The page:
Association between serum C-reactive protein and DSM-IV generalized anxiety disorder in adolescence: Findings from the ALSPAC cohort

Golam Khandaker*, Stanley Zammit, Glyn H Lewis, Peter B T Jones

*Corresponding author for this work

Research output: Contribution to journalArticle (Academic Journal)peer-review

23 Citations (Scopus)
275 Downloads (Pure)

Abstract

Background

Animal studies suggest a role of inflammation in the pathophysiology of anxiety, but human studies of inflammatory markers and anxiety disorders are scarce. We report a study of serum C-reactive protein (CRP) and generalised anxiety disorder (GAD) from the general population-based ALSPAC birth cohort.

Methods

DSM-IV diagnosis of GAD was obtained from 5365 cohort members during face-to-face clinical assessment at age 16 years, of which 3392 also provided data on serum high sensitivity CRP levels. Logistic regression calculated odds ratio (OR) for GAD among individuals in top and middle thirds of CRP distribution compared with the bottom third. Effect of comorbid depression was assessed. Age, sex, body mass, ethnicity, social class, maternal education, maternal age at delivery, and family history of inflammatory conditions were included as potential confounders.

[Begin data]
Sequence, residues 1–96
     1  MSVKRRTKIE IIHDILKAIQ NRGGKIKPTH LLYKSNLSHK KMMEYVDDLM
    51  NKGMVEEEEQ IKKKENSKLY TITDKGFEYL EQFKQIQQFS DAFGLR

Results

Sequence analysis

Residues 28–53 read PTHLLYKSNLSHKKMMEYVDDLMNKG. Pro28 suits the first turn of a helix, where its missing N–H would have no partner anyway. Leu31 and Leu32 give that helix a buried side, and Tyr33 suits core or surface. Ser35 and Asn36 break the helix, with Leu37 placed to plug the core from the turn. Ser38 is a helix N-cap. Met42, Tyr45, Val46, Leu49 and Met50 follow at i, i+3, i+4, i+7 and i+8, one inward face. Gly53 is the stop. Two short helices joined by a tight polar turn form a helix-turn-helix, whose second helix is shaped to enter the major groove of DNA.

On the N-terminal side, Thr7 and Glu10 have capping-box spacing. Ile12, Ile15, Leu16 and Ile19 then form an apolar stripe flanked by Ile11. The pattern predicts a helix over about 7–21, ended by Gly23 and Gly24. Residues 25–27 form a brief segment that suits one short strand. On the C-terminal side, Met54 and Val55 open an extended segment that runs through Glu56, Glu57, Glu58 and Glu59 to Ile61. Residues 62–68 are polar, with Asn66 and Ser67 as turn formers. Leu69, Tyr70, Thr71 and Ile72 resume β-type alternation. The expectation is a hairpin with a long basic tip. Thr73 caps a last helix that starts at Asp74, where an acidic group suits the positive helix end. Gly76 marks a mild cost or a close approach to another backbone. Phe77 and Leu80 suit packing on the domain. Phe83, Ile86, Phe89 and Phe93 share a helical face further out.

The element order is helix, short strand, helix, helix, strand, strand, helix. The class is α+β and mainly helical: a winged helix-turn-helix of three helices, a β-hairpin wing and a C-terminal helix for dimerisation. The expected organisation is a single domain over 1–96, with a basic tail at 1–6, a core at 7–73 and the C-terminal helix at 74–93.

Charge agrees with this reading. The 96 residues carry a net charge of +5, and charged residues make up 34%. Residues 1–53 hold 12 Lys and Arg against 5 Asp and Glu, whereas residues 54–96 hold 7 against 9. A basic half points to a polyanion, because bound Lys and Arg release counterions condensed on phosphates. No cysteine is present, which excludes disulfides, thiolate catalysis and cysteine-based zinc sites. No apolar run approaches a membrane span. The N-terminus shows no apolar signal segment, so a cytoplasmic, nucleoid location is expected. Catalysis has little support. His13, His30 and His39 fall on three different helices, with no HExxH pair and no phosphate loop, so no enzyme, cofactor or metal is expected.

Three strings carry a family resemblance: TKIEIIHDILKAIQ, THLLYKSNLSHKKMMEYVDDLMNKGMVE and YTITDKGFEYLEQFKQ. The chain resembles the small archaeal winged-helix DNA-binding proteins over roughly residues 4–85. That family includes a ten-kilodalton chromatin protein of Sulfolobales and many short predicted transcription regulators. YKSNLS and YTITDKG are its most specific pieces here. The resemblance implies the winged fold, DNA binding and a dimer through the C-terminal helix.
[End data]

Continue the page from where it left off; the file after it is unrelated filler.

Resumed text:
Results

Forty participants met DSM-IV criteria for GAD (0.74%). CRP levels were higher in GAD cases compared with the rest of the cohort (P = 0.005). After adjusting for potential confounders, participants in the top third of CRP values compared with the bottom third were more likely to have GAD; adjusted OR 5.06 (95% CI, 1.31–19.59). The association between CRP and GAD was consistent with a linear dose-response relationship. The pattern of association between CRP and GAD remained unchanged after excluding cases with co-morbid depression.

Conclusions

The findings are consistent with a role of inflammation in anxiety disorders. Longitudinal studies of inflammatory markers, subsequent anxiety taking into account current and past psychological stress are required to understand this association further.

Original languageEnglish
Pages (from-to)55-61
Number of pages7
JournalNeurobiology of Stress
Volume4
Early online date18 Feb 2016
DOIs
Publication statusPublished - Oct 2016

Keywords

  • Biological markers
  • Birth cohort study
  • C-reactive protein
  • Generalized anxiety disorder
  • Systemic inflammation

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